The HDR-FX1's manual controls are significantly more developed than those of earlier Sony prosumer camcorders, which tended to be optimised for automatic use, with manual overrides operated by tiny, inconveniently located buttons. Here there are more and better-located mechanical controls, most notably independent three-position toggle switches for gain and white balance, a dial dedicated to audio level controls, and three user-programmable buttons.
Unfortunately, these manual controls aren't quite as convenient or as effective as those offered by prosumer models from competing vendors. For instance, you still have to go into the menus to select a tungsten or daylight white-balance preset, and you can't control the levels of the two audio channels independently.
The lens controls straddle the line between the consumer and professional worlds. You focus manually with the kind of perpetually spinning, unmarked ring that's typical of low-end cameras, but a helpful readout displays precise focus distances in the viewfinder. You zoom with a nonperpetual ring with focal-length marks, but it's still a servo system that responds only vaguely to user inputs. With the flick of a switch, control of the zoom can be transferred to two rockers.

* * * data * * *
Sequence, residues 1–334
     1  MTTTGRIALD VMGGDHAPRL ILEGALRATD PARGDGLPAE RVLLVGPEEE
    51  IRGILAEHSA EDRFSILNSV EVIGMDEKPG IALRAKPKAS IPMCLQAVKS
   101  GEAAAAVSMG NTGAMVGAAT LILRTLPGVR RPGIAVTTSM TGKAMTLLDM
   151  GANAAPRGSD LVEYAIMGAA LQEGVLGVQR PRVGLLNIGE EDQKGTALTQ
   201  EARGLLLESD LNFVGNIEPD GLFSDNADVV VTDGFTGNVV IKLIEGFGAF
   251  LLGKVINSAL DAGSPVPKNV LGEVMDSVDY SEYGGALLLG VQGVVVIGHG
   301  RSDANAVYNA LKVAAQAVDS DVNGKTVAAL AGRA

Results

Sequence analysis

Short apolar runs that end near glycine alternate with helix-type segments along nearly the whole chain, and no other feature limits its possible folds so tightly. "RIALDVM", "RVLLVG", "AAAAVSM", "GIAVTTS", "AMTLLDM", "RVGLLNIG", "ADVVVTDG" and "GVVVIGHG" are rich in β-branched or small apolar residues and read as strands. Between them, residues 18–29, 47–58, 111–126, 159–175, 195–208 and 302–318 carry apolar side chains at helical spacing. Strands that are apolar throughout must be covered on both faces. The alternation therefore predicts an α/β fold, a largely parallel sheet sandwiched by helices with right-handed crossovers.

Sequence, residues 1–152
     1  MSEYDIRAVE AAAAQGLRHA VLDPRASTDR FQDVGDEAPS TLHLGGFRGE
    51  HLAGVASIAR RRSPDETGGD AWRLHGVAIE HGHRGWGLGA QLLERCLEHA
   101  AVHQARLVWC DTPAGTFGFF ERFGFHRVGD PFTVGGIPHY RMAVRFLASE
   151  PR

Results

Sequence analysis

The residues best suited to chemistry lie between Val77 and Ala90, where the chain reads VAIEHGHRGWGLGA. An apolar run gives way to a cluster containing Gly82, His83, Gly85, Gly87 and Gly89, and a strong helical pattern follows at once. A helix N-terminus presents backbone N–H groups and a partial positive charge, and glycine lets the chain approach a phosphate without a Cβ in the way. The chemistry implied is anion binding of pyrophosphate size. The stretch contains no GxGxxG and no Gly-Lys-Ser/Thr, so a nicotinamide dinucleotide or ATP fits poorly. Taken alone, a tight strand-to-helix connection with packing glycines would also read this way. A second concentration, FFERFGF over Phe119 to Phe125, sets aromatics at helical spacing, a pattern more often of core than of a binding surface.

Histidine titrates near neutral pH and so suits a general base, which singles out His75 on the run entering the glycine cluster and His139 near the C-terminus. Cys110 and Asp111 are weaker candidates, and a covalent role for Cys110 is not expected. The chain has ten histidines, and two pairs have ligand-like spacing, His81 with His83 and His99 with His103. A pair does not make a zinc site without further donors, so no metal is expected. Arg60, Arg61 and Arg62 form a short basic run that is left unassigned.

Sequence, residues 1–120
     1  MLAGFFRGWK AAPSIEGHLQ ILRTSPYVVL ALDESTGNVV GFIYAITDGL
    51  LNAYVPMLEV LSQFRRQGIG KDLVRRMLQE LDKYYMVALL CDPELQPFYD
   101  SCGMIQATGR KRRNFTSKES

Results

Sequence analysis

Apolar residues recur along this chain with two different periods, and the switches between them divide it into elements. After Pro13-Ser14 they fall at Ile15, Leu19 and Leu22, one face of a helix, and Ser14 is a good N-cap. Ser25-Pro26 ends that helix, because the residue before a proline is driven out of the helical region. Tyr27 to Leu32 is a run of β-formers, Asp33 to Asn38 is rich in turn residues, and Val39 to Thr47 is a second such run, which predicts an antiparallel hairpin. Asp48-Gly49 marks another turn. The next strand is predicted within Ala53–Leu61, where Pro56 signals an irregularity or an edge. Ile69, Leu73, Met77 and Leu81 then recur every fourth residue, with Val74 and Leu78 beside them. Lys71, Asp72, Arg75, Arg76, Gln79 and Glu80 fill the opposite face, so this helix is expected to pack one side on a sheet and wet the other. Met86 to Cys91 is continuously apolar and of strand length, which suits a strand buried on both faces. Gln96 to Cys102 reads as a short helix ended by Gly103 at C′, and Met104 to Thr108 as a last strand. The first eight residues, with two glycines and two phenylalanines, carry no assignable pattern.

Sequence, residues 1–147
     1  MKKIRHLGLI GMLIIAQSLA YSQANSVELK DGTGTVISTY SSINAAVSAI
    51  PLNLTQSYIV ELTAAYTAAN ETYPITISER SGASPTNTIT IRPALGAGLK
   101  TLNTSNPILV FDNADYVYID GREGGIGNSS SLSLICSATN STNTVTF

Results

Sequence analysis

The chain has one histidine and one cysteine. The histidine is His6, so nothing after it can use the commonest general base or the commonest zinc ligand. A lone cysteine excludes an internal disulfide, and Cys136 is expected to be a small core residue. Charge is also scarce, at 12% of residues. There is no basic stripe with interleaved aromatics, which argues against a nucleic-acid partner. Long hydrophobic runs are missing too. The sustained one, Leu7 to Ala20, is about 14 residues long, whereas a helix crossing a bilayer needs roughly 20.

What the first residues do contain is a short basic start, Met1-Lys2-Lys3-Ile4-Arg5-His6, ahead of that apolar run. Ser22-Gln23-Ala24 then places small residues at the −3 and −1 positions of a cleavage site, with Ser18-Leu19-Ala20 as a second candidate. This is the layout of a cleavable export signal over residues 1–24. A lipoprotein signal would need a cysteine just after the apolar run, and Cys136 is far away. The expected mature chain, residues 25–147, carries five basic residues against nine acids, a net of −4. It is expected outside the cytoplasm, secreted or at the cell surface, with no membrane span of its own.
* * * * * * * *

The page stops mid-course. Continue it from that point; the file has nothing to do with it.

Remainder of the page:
Seemingly out of place on a camera of the HDR-FX1's capabilities are a couple of consumer-oriented controls, namely Backlight and Spotlight. Three buttons along the top are dedicated to a new Shot Transition feature, which also seems rather amateurish and will be discussed further in Features.
The HDR-FX1 offers the usual assortment of analogue and digital ports, with some important additions and omissions. The main addition is a proprietary, rectangular jack used to connect a cable with component HD-outs; this is the connection used to hook up the camera to an HD television. This port cannot serve as an input. The only way to get HD into the camera is through the FireWire (Sony calls it iLink) port, which is also employed as both an input and an output for DV.
In terms of omissions, the HDR-FX1 offers only a flimsy, consumer-oriented minijack for audio, not the robust XLR ports used in professional equipment. Adapters are available to connect XLR plugs to the HDR-FX1's minijack. But we still believe Sony is making a very poor decision by not including real pro-audio capabilities in the stock HDR-FX1. This camera deserves them.